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Logan City Limits will be even bigger this year
On Saturday, the 7th Logan City Limits — a free, all-day music festival hosted by Aggie Radio and the Utah State University Student Association, or USUSA — will showcase bands from all along the Wasatch front and even from Las Vegas and Los Angeles. The bands will perform in the Taggart Student Center from 11 a.m. to 11 p.m.
The event has grown a lot in recent years, said Nate Dukatz, a senior in management information systems and the director of arts and lectures. This year year’s event is projected to be even bigger than last year’s, with 17 bands, a big-name headliner and plenty of food and activities for visitors to enjoy.
Dukatz said he wanted to go bigger this year because he knows that “this is kind of a group of students that doesn’t necessarily get events catered to them very often.”
For example, the End of Year Bash has a music style that is works for a lot of people within a certain niche, he said, but doesn’t appeal to other groups who enjoy Indie-alternative music. Logan City Limits is organized to better cater to those students.
In the past, Logan City Limits has had one full-sized stage for the larger bands and a smaller acoustic one for transitioning groups, Dukatz said, but this is the first time it will have two full stages.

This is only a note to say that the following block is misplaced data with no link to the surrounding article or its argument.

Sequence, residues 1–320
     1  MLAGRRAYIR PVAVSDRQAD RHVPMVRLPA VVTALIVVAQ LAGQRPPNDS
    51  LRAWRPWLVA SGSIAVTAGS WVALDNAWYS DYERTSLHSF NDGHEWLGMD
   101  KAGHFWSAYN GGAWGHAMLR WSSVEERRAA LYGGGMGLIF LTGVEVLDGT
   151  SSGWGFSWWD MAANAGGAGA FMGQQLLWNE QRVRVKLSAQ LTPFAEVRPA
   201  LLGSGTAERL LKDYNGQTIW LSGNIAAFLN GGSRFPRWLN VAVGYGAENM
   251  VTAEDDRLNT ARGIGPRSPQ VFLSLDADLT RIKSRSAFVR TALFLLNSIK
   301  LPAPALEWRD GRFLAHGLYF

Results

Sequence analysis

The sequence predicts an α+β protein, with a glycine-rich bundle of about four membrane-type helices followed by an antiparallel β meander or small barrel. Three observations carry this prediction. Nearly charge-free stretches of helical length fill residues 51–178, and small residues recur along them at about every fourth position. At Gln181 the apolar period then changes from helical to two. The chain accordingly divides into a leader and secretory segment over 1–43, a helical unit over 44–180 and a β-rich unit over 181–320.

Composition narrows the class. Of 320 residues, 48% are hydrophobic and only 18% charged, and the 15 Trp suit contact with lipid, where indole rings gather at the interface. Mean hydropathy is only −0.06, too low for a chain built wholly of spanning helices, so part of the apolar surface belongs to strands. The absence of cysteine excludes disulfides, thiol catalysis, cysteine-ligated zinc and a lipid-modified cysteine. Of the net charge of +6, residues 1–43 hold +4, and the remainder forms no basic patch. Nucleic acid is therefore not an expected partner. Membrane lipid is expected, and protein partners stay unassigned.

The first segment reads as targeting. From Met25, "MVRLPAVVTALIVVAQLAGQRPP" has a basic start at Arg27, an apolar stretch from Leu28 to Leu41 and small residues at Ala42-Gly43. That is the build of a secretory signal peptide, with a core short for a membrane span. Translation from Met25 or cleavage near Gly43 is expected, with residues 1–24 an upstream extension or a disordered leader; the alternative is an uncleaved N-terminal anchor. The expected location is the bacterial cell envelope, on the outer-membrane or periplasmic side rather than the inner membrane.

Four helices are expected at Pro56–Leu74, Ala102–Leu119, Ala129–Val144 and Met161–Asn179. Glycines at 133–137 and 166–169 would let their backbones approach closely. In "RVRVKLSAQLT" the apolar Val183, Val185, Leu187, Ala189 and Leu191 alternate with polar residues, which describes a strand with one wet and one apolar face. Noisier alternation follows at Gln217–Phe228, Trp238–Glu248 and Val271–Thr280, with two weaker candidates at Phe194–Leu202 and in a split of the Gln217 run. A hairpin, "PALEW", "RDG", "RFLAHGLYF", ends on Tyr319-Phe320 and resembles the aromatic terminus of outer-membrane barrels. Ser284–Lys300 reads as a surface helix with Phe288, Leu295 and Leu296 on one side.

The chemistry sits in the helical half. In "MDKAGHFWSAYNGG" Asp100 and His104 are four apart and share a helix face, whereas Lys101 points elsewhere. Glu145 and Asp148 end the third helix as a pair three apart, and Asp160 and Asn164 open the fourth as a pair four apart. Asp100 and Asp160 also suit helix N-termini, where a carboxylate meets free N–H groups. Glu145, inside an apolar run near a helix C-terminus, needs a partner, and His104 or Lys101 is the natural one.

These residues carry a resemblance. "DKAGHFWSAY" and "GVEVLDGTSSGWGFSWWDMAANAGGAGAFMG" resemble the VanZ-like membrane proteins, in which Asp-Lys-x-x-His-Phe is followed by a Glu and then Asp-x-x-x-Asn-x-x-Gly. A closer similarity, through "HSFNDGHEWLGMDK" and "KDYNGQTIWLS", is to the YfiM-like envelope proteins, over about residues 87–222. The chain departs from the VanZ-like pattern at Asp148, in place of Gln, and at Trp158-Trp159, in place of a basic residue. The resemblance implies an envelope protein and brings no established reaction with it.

“This will be the first time that we actually have no plain acoustic acts,” he said. “Every single act is a band, a full band.”
Many of the visiting bands have released new albums or extended plays lately and all of them have songs on Spotify, said Derrick Saunders, a senior in management information systems.
Saunders created a Spotify playlist (#logancitylimits) for students to enjoy.
“It’s got all the songs on there and they’re really great musicians, really great music, and it’ll be a lot of fun,” he said. “I mean, it’s going to be a really quality show.”
Most of the visiting groups are local bands that are growing in popularity or have come to events in the past, Saunders said. Other bands have heard about the event and requested to join the line-up.
The headliner this year is a band from Los Angeles called Smallpools, which is bigger than any other band they’ve had in previous years, he said.
In addition to the music playing all day, there will be food trucks, vendors and activities hosted by on campus clubs and organizations, said Terran Maynard, a sophomore in marketing. She said the Quidditch club which will set up Quidditch games for visitors to play during the festival.
“There’s going to be a lot to do,” Maynard said. “Listening to music first and foremost, but in addition to that, get some good food, hang out with your friends, throw a Frisbee, play some Quidditch. (It’s) just a cool environment.”
For visitors planning on coming to just see the band that they know and have heard of before and then leave, Dukatz said, the sets are only 30 minutes long. He suggests they stay and see as many bands as possible.
“I can promise anyone who comes to this show for one of these bands, they will like every other band that they see,” he said. “Because it’s that kind of show, it’s pretty genre specific and I’ve organized the order of the show to flow well musically.”